• Brown, W. M. & Olding, R. J. (2017). Epigenetic-based hormesis and age-dependent altruism: Additions to the behavioural constellation of deprivation. Behavioral and Brain Sciences, 40. doi:10.1017/s0140525x17001194
  • Brown, W.M. (2016). Social evolution: Fostering diversity in the cultural evolution
    society. Social Evolution Forum
  • Brown, W.M. (2015). Exercise-associated DNA methylation change in skeletal muscle and the importance of imprinted genes: A bioinformatics meta-analysis. British Journal of Sports Medicine. doi:10.1136/bjsports-2014-094073
  • Chalk, T.E.W. & Brown, W.M. (2014). Exercise epigenetics and the fetal origins of disease. Epigenomics, 6(5),469-472.
  • Brown, W.M. (2012). Symmetry and evolution: A genomic antagonism approach. In Filomena de Sousa and Gonzalo Munévar (Editors) Sex, Reproduction and Darwinism. Pickering & Chatto Publishers: London.
  • Consedine, N. S., Magai, C., Horton, D., & Brown, W. M. (2012). The affective paradox: An emotion regulatory account of ethnic differences in self-reported anger. Journal of Cross-Cultural Psychology, 43(5) 723-741.
  • Brown, W. M. (2011). The parental antagonism theory of language evolution: Preliminary evidence for the proposal. Human Biology, 83 (2), 213-245.
  • Gaines, S. O., Jr., & Brown, W. M. (2009). Reciprocity, norm of. In H. T. Reis & S. K. Sprecher (Eds.), Encyclopedia of human relationships (Vol. 3, pp. 1331-1333). Thousand Oaks, CA: Sage.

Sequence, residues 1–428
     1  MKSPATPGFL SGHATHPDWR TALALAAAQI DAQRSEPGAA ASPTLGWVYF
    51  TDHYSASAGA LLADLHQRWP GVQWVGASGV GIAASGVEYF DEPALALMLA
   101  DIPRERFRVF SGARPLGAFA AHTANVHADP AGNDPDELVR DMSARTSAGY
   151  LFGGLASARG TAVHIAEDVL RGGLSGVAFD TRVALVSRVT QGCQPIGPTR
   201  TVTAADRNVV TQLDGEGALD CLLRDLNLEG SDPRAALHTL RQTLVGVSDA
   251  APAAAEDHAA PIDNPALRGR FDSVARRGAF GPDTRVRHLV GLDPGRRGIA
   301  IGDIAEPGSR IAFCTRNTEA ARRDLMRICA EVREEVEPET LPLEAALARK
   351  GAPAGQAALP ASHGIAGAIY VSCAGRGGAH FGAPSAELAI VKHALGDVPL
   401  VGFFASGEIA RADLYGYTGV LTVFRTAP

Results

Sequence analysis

• Brown, W. M., Price, M. E., Kang, J., Pound, N., Zhao, Y., & Yu, H. (2008). Fluctuating asymmetry and preferences for sex-typical bodily characteristics. Proceedings of the National Academy of Sciences of the United States of America, 105(35), 12938-12943.
  • Brown, W. M. (2008). Sociogenomics for the cognitive adaptationist. In C. Crawford & D. Krebs (Eds.), Foundations of evolutionary psychology (pp. 171-182). Psychology Press/Lawrence Erlbaum.
  • Pound, N., Penton-Voak, I.S., & Brown, W.M. (2007). Facial symmetry is positively associated with self-reported extraversion. Personality and Individual Differences, 43 (6), 1572-1582.
  • Brown, W.M. & Price, M.E. (2007). Evolutionary psychology Sensu lato : A review of The Oxford Handbook of Evolutionary Psychology edited by Robin Dunbar and Louise Barrett. Journal of Evolutionary Psychology, 5(1):235-240. doi: 10.1556/JEP.2007.1013
  • Price, ME. , Brown, WM.  & Curry, OS.  (2007). The integrative framework for the behavioural sciences has already been discovered, and it is the adaptationist approach, Behavioral and Brain Sciences, 30 (1): 39-40. doi:10.1017/S0140525X07000817
  • Brown, W. M., Consedine, N. S., & Magai, C. (2006). Time spent in the United States and breast cancer screening behaviors among ethnically diverse immigrant women: Evidence for acculturation? Journal of Immigrant and Minority Health, 8, 347-358.